“Obama’s main policy initiative, health care reform, remains decidedly unpopular.” Gee, you’d think that after all the demonization, exaggerations, and outright lies from the GOP and Fox News, that’s a surprise? What’s actually the case is that while 39 percent support it when you ask about it generally, support goes way up when you ask people about the actual elements in it such as coverage for pre-existing conditions, including children to the age of 26, and closing the doughnut hole for senior citizens. The biggest problem with both the polling and the perception is that most of the reforms haven’t taken place yet. If it survives the Supreme Court and goes into full effect, people will never want to give it up, including the tri-cornered hat set on their Rascal scooters paid for by Medicare.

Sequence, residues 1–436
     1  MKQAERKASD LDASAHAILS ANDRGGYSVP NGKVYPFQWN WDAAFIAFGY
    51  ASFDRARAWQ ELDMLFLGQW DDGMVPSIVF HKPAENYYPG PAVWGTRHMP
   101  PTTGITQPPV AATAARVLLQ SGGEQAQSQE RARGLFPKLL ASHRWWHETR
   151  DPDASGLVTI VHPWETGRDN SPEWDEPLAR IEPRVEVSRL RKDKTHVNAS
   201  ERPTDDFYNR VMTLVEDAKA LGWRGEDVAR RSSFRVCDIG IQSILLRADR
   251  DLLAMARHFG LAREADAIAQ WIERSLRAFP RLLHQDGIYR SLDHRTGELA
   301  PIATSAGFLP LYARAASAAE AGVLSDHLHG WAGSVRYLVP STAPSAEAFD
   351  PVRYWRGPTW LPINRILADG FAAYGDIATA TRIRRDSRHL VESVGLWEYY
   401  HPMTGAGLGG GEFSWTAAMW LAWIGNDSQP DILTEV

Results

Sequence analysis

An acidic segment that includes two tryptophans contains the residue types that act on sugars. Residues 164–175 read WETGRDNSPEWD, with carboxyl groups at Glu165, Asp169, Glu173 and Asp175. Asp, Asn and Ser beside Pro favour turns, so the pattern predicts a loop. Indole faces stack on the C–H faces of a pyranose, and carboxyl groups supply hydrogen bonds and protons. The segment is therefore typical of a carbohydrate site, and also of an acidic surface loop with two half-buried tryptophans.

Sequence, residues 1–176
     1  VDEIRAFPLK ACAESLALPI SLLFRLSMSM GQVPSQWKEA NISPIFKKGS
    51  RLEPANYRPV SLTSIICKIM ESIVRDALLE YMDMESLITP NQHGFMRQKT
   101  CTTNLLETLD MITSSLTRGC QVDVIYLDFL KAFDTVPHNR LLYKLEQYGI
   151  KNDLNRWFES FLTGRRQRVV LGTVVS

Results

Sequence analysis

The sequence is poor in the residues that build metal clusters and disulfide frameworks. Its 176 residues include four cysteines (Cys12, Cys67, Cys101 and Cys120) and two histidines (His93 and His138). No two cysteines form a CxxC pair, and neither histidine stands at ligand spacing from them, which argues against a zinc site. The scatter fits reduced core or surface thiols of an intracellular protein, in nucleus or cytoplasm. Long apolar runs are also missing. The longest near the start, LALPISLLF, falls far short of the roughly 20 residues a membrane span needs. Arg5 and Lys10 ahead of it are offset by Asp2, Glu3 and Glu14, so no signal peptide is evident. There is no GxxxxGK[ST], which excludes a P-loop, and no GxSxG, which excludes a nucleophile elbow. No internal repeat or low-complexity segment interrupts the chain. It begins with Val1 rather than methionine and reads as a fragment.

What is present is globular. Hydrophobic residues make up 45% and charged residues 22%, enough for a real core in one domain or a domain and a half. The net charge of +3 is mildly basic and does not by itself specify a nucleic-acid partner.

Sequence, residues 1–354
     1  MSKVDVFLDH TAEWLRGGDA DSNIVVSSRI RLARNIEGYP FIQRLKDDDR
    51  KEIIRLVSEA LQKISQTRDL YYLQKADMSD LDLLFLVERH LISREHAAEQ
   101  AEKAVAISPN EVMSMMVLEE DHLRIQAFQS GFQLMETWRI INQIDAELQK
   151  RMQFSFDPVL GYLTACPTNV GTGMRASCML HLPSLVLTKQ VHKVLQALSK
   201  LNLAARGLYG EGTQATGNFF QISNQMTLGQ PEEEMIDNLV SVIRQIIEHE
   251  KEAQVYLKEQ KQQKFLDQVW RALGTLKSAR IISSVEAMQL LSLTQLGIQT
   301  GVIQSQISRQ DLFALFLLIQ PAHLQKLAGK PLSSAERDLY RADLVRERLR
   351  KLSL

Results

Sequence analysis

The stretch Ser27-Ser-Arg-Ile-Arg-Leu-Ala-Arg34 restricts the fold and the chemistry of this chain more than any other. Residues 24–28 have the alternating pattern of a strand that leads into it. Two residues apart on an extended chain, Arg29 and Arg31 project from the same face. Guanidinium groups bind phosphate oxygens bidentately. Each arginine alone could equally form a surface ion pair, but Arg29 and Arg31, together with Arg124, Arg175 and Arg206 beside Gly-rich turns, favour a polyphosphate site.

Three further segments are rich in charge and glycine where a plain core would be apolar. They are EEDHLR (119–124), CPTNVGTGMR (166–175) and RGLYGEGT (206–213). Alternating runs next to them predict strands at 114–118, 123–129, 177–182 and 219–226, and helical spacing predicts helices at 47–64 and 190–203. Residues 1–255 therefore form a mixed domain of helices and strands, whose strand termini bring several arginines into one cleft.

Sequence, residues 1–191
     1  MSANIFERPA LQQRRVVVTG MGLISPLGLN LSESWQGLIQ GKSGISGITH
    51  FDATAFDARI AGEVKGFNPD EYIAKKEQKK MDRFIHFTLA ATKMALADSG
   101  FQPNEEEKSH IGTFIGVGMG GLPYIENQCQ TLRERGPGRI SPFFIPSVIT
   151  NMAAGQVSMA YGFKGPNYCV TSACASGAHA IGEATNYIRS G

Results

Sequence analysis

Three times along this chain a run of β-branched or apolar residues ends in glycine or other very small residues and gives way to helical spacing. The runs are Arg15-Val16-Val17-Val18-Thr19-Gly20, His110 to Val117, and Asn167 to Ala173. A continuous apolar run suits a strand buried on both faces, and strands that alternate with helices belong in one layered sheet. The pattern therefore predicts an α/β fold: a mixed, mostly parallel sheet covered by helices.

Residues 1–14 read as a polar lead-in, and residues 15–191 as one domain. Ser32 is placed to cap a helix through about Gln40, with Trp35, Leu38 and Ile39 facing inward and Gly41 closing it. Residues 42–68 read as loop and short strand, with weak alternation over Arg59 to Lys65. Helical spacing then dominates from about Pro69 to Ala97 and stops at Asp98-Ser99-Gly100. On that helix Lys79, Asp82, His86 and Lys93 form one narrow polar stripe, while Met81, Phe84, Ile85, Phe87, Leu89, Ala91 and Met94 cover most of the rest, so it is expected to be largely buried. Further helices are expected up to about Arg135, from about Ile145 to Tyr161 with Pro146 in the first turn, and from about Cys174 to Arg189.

“Obama has lost support among crucial constituencies.” Mr. Obama “disappointed” a lot of independents because he wasn’t Lancelot on a steed, and some of these are the folks who would have voted for Ralph Nader if he’d been on the ballot. Independents are notably unreliable in terms of party politics, hence the term “Independents.” As for the fall-off in Catholic support, gee, what a surprise after the entire collection of Robespierres from the pope on down got their tails all puffed up about sound medical advice and guidance on contraception. Oh, the humanity. As for the decline in Hispanic voter registration, perhaps the “papers, please” mentality coming from Arizona, Alabama, and Georgia on immigration might have something to do with it. As it is, Mr. Obama is still in a double-digit lead among that demographic no matter what Marco Rubio may do.